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Would machines overtake humans?

Mar 01,2020 - Last updated at Mar 01,2020

This year witnessed sophistication of the Artificial Intelligence (AI) in many autonomous uses in robotics, vehicles, drones, medicine and various industrial appliances. They all operate with varying degrees of capability, coordination and intelligence. The next year is chartered to bring further developments in achieving higher capabilities to match a human brain for decision-making, intelligence or general-purpose learning.

At the time of writing these lines, heated competition is ensuing in the United States and around the world using the joint capabilities of the artificial intelligence to create machines that can even teach and develop themselves. This is what the 100-year-old futurist James Lovelock predicts in his new book “Novacene” or “New Age”, detailing the new evolution of humanity fuelled by AI.

According to Lovelock, the New Age has already begun with Google like AlphaZero as a starting point. Those machines may overtake humans as the superior life form, being the next surge of intelligent life on earth. He warns that humans may soon cede their top spot to their own artificially intelligent creations. A new age indeed where humans could be eclipsed by these machines!

He dubbed such new future “understanders” as “cybergs” that will have designed and built themselves. He asserts that in the ”Novacene”, the replacement of humans won’t necessarily be a violent shift, but simply an evolutionary one instead.

The process is already underway via sophisticated AI systems that have been developed like AlphaGo, AlphaZero and DeepMind. These intelligent systems, capable of continually enhancing themselves, constitute a major linchpin toward the completion of the Novacene, Lovelock says.

He believes the crucial step that started the Novacene was the need to use computers to design and make themselves, where a new form of intelligent life will emerge on Earth from an artificially intelligent forerunner made by one of us, perhaps from something like AlphaZero.

Such predictions were reverberated during a recent TV interview where Elon Musk, the Tesla and SpaceX founder, declared that computers are getting cleverer to an extent where it will not be long to quickly exceed human intelligence.

During the World Artificial Intelligence Conference in Shanghai, Musk told Jack Ma, chairman of Alibaba, he guarantees that humans will eventually be surpassed by computers “in every single way”. He added: “The first thing we should assume is that we are very dumb, we can definitely make things smarter than ourselves.” He asserted: “Mark my words, AI is far more dangerous than nukes. So why do we have no regulatory oversight?” With all such worries about this upcoming technology, it remains a big concern for him. In 2015, he rallied with several other technology geniuses and donated $1 billion to the research of group “OpenAI”, to further advance this digital intelligence and benefit humanity.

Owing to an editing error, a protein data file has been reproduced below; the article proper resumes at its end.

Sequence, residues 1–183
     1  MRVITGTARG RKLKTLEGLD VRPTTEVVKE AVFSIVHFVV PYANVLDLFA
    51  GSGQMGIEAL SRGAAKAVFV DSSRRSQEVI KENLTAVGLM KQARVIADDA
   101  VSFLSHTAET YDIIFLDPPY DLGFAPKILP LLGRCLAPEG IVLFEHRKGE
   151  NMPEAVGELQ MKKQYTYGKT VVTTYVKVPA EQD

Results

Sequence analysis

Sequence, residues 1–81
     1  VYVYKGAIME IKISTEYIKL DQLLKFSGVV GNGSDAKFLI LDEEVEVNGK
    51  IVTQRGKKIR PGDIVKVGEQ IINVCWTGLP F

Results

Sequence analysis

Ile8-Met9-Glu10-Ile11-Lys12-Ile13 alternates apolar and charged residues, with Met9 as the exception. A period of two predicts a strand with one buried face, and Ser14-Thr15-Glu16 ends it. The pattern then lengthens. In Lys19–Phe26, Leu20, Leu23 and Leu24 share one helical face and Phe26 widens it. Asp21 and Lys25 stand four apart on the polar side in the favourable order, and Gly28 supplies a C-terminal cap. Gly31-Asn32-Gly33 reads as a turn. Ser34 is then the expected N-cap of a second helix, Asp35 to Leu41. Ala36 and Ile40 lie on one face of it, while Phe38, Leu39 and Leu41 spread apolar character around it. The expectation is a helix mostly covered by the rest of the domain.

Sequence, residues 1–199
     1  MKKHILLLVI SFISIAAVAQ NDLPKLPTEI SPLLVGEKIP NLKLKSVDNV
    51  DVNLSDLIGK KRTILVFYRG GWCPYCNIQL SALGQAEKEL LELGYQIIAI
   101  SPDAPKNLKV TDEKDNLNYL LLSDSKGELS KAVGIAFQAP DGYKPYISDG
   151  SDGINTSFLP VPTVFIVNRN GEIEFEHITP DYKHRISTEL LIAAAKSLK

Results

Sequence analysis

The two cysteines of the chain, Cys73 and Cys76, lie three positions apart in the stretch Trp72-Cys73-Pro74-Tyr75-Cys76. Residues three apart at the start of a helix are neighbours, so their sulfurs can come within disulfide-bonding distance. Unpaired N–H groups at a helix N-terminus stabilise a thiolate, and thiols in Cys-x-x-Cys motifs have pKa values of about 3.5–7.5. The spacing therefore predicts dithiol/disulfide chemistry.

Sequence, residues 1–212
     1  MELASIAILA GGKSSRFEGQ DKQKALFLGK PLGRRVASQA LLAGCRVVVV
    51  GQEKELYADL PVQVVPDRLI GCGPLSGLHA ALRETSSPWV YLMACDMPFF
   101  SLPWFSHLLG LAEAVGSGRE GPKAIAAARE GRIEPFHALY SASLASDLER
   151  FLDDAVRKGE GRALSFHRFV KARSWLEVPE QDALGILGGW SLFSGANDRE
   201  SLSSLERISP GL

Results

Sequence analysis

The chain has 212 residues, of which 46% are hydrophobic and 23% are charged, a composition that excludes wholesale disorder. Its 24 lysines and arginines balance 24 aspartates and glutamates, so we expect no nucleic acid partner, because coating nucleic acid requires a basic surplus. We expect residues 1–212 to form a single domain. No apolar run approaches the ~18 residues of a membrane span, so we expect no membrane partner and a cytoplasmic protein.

This same group is already working on a scheme to help people who suffer from paralysis; it will help them perform actions by simply thinking about such actions.

Besides, Musk plans to launch a huge satellite web costing about $10 billion to swathe the Earth with readily available Internet access. He already asked permission from the American government for 5000 huge satellites to provide fast, global coverage. The system, named “SpaceX” is designed to deliver cheap Internet services to any entity on the globe with an unprecedented broadband, in lieu of all the cables, fibre-optics and the other terrestrial Internet systems currently available.

And by no means this is the end of the way for this era’s technological marvels. “DeepMind” for instance, founded in London in 2010 and now being developed in Canada and California, is designed to push the AI boundaries to further dimensions. We may now imagine a machine that can solve any complex problem without needing to be taught how, or one that can correct or renew itself. When this comes to fruition, it would be one of the most important and widely useful scientific advances ever invented. Many soft wares are now derivatives and applications of DeepMind including the most complex and intuitive games ever devised. This is the tip of the iceberg when it comes to AI, and the avenue is still wide open.

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